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Varnish for WordPress Performance

How to improve WordPress/Apache performance on a relatively heavily loaded server using Varnish and more

Scenario

One server (8 cpu cores, 32gb of memory, RAID5 disks) running WordPress (PHP 5.3.x and MySQL 5.1.x). WordPress site(s) would often grind to a halt as the server struggled to respond to requests quickly enough.

Problems

Lack of available I/O capacity, identified by :

  1. Numerous processes often in a ‘waiting for I/O’ state (as shown by ‘vmstat’)
  2. MySQL becoming backed up with queries and frequently overwhelmed (running out of connections; large number of queries waiting in the process list). Problem especially apparent when a new post was made to the site – as this causes a flushing of the MySQL query cache, any on disk cache’s from WordPress and any related caches (e.g. the cached copy of the front page would need regenerating).
  3. Performance graphs from ‘munin’ plot I/O operations along with other virtual memory subsystem events.

Solutions

  1. Profile WordPress code to identify expensive queries, add additional caching where possible. Using e.g. the debug-objects plugin to provide timings and help identify the origin of some queries.
  2. Caching of pages using e.g. WPSuperCache or W3 Total Cache was already in place but not sufficient
  3. Use memcached, rather than disk as an object cache for WordPress
  4. Use the BufferedLog directive within Apache to try and bulk up I/O operations
  5. Install Varnish as a front end cache, using a malloc memory backend to reduce disk I/O (no need to read file(s) from disk)

Of the above, use of Varnish has had the biggest impact on disk I/O – resulting in a significant decrease. It also led to a significant decrease in the number of Apache processes in use (each of which is relatively memory hungry) – this is possible as a large part of the site is static content (images/stylesheets/javascript) and unchanging.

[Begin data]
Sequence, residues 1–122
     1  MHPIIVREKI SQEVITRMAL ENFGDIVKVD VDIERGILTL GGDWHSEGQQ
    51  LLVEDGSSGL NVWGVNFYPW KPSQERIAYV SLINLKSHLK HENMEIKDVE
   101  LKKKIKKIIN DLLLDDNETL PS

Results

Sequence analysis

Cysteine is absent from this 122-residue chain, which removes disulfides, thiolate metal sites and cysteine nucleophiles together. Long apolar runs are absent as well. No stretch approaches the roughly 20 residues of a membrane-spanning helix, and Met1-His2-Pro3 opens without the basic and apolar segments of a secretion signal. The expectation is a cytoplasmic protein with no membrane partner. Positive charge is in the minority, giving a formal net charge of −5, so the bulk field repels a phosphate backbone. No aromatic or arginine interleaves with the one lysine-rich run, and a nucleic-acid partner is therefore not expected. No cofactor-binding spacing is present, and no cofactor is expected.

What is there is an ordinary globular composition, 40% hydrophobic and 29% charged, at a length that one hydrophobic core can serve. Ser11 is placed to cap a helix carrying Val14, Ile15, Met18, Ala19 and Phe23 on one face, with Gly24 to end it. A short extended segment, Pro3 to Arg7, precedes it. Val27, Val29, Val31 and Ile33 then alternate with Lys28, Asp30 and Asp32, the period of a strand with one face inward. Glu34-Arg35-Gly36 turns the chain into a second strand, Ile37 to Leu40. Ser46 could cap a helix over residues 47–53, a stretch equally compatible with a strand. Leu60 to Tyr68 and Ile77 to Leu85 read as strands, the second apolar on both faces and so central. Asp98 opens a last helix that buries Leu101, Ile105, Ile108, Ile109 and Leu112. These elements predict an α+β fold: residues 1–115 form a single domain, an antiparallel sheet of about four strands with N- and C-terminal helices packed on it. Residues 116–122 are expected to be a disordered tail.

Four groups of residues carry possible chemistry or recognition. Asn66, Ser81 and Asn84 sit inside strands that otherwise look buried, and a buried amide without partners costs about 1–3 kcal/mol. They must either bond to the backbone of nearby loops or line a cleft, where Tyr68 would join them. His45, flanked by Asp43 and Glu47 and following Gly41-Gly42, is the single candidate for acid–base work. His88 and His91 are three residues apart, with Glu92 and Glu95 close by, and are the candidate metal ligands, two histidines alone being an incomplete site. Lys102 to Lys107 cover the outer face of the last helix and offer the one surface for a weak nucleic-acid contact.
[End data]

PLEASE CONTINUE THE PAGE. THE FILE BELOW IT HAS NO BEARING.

Varnish configuration

  1. Use a malloc backend, 10GiB in size. (See /etc/default/varnish on a Debian based system). Configure to use “-s malloc,10G” as a startup parameter. Before using the ‘malloc’ backend (and using the default file backend) there was no improvement in I/O and performance problems persisted.
  2. Ignore cookies for all javascript, images and stylesheets to improve the cache hit rate
  3. Ignore query parameters on all images, javascript and stylesheets – again to improve caching
  4. Force a future expiry date on static assets to encourage browser side caching of files
  5. Ignore all cookies for HTML/PHP content, unless they contain “wordpress_logged_in” – which is a suitable indication that the end user is authenticated.
  6. Add a backend health probe – so Varnish can display a suitable error page to end users – rather than showing either a Apache/Wordpress error message or timing out.

Pretty Pictures

Here are some graphs taken from the server, which give some idea of the impact Varnish has had.

Firstly, we have the number of accesses registered by Apache – before and after Varnish was introduced. Because Varnish sits infront of Apache, when it is introduced the workload of Apache drops.

Note the drop off on the 7th when Varnish was introduced

Graph showing the number of Apache Accesses over a week long period

Number of Apache Processes

Number of Apache Processes

This next graph shows the hit rate logged by Varnish – i.e. the number of hits per second it deals with. As varnish is made ‘live’ it’s hit-rate increases while Apache’s decreases.

Varnish Hit Rate

Number of HTTP requests received by Varnish

Varnish Cache Hit Ratio

Before the 07th, Varnish was only accessible for testing, on/after the 7th the site’s DNS entries were changed to route traffic through Varnish. Further configuration changes were made to improve the cache hit rate.

Finally, we have the I/O graph – note how initially varnish doesn’t help with the I/O load on the server (if anything it makes it worse between the 7th and 10th).

On the 10th Varnish was reconfigured to use the malloc backend – at which point the I/O load drops down and appears to remain more consistent.

Disk I/O graph

 

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